Silicon Valley, the largest and most influential high-tech center in the world, continues to lead all other metropolitan regions in North America in the breadth and scope of economic activity it creates through technological innovation. Hardly a surprise.
Thanks to new report by the Milken Institute, you can see what other metro areas are building strong and diverse industries that are bound to prosper when the economy recovers.
According to the study, which ranks the top high-tech centers in the U.S., Canada and Mexico, most of the top tech metros are well known — like Seattle, Cambridge, Washington, D.C., New York and San Francisco. But there are many lesser-known regions that have made tremendous inroads in the past decade to build their technology assets, such as Toronto, Canada; Kalamazoo, Mich.; and even Baja California.
The Top 10 rankings for the preeminent high-tech metros in North America:
- San Jose–Sunnyvale-Santa Clara, CA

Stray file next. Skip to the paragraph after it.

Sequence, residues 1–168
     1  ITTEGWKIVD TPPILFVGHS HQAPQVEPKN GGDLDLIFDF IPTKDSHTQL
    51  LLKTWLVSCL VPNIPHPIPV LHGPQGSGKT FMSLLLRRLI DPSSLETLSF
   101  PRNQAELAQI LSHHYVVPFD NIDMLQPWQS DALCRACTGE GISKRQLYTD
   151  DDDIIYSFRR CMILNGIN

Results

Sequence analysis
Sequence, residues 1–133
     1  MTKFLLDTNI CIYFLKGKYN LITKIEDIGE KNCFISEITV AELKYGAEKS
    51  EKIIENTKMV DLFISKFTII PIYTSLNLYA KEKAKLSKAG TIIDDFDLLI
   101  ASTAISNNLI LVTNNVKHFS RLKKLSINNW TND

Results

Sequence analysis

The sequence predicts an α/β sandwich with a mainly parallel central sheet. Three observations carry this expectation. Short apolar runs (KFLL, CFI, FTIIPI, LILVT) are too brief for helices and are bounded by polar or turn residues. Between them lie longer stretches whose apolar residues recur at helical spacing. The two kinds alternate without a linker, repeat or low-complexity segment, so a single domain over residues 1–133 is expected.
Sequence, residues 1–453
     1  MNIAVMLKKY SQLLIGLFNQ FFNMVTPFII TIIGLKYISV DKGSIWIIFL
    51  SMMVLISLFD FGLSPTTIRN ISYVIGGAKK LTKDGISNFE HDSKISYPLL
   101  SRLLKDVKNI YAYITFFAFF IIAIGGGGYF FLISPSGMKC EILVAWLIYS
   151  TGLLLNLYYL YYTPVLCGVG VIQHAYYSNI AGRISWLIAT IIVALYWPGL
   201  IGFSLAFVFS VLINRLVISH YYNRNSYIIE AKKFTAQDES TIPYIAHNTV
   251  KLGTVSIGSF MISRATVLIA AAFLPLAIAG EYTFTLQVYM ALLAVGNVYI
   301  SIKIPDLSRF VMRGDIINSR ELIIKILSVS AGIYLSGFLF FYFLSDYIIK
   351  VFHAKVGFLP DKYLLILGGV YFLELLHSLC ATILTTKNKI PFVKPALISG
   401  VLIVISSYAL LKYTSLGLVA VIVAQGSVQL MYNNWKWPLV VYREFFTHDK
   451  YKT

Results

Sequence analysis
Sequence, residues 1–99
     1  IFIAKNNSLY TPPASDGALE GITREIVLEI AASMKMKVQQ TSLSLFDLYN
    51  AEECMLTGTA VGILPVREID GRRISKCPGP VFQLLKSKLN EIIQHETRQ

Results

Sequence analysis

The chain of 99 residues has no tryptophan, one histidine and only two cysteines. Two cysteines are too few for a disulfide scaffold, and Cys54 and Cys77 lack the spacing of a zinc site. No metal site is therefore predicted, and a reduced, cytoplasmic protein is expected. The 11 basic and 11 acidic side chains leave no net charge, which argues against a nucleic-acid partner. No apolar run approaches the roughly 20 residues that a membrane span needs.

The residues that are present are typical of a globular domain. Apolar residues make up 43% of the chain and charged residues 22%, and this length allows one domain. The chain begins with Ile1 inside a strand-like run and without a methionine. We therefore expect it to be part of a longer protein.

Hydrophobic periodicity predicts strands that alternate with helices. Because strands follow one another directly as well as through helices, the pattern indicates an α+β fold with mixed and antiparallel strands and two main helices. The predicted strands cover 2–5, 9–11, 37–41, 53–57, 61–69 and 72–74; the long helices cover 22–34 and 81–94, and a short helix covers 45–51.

- Seattle-Bellevue-Everett, WA
- Cambridge-Newton-Framingham, MA
- Washington-Arlington-Alexandria, DC-VA-MD-WV
- Los Angeles–Long Beach–Glendale, CA
- Dallas–Plano-Irving, TX
- San Diego–Carlsbad–San Marcos, CA
- Santa Ana–Anaheim-Irvine, CA
- New York–White Plains–Wayne, NY-NJ
- San Francisco–San Mateo-Redwood City, CA
Highlighted and singled-out in the report press release yesterday are two Canadian cities:
Toronto, ON jumped 10 places from 2003, showing impressive gains in building and attracting high-tech businesses in manufacturing and reproducing of optical media, biopharmaceuticals, and medical and diagnostic laboratories.
Vancouver, BC showed the greatest rise among the top-10 metros for software publishing, climbing from 14th place in 2003 to 9th place in 2007.
The Milken report was sponsored, in part, by Foreign Affairs and International Trade Canada. An executive summary, the full report and interactive data tables for all U.S. and Canadian metros and Mexican states, plus breakdowns for 19 separate high-tech industries, are available at www.milkeninstitute.org.